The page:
Anthony Storr

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Anthony Storr (18 May 1920 – 17 March 2001) was an English psychiatrist and author.

Background and education[edit]

Born in London, Storr was educated at Winchester College, Christ's College (University of Cambridge), and Westminster Hospital.[1]


In 1974, Storr moved from private practice to a teaching appointment at the Warneford Hospital in Oxford, until his retirement in 1984.[2]


Storr was, as one of his obituarists observed, "no stranger to suffering".[2] He married twice, to Catherine Cole (who became a children's writer under her married name) in 1942 and writer Catherine Peters in 1970 after the first marriage ended in divorce.[3]


He is the author of several books relating to the field of psychotherapy specifically Jungian approach. However his most notable book may be ' the art of psychotherapy'. This books contains the recollections of many decades of practice as a psychiatrist and psychotherapist. It is not just a self-justification for why he became a therapist but who may be a successful psychotherapist and what to expect in the practice. Because of the nuanced manner in which the subject of psychotherapy was dealt with in this book, some mental health training institutions - such as the federal neuropsychiatric hospital in Maiduguri, Nigeria - have included it as part of their must reads for all trainee residents.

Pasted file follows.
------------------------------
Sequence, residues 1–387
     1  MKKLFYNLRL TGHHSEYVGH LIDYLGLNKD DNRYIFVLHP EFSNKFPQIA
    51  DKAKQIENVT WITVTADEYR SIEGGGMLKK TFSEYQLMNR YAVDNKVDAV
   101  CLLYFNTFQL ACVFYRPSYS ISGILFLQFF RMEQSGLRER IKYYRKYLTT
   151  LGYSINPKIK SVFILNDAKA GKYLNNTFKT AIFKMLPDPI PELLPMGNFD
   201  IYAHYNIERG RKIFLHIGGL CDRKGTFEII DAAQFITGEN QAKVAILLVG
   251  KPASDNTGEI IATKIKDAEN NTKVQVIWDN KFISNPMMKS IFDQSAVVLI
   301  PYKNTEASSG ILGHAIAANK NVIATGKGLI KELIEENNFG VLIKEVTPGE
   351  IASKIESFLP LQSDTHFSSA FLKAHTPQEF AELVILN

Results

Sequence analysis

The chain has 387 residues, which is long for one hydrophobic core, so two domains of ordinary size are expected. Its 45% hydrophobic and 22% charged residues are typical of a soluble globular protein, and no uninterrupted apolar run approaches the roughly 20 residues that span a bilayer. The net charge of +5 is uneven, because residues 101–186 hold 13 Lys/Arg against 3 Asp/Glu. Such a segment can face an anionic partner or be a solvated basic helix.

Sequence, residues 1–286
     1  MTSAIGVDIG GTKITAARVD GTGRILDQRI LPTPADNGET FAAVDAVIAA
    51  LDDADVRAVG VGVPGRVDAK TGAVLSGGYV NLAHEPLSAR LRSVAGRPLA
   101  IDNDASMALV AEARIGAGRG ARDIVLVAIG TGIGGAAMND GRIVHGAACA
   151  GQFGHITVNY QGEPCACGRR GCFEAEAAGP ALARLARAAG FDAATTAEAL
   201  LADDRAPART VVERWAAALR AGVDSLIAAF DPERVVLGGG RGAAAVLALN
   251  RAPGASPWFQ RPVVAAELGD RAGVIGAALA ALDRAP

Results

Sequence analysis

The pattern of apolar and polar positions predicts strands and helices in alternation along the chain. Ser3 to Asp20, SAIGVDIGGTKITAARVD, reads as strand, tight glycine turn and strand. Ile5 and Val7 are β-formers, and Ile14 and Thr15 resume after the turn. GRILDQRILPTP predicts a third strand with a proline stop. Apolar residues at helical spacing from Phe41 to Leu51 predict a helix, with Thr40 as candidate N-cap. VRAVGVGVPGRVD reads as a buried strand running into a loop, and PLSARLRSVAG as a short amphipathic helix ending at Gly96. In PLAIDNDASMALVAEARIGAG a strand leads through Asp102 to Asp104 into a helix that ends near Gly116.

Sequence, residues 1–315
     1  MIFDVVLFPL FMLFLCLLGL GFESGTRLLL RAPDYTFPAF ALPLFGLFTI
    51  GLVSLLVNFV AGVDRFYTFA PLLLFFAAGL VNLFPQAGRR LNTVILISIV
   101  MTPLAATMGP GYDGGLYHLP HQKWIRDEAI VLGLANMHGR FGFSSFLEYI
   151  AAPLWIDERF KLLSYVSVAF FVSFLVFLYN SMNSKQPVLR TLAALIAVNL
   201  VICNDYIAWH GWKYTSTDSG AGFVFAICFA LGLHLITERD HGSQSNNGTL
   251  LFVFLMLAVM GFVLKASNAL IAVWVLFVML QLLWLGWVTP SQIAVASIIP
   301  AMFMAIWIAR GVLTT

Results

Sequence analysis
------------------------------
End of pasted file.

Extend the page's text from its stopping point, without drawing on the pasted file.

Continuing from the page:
See also[edit]



  1. ^ Michael Gelder. "Obituaries: Anthony Storr." The Independent (London, England). Independent Print Ltd. 2001. Retrieved August 13, 2012 from HighBeam Research: (Subscription required)
  2. ^ a b Anthony Stevens, Obituary: Anthony Storr, The Guardian, 20 March 2001.
  3. ^ Obituary: Anthony Storr, Daily Telegraph, 21 March 2001.

Further reading[edit]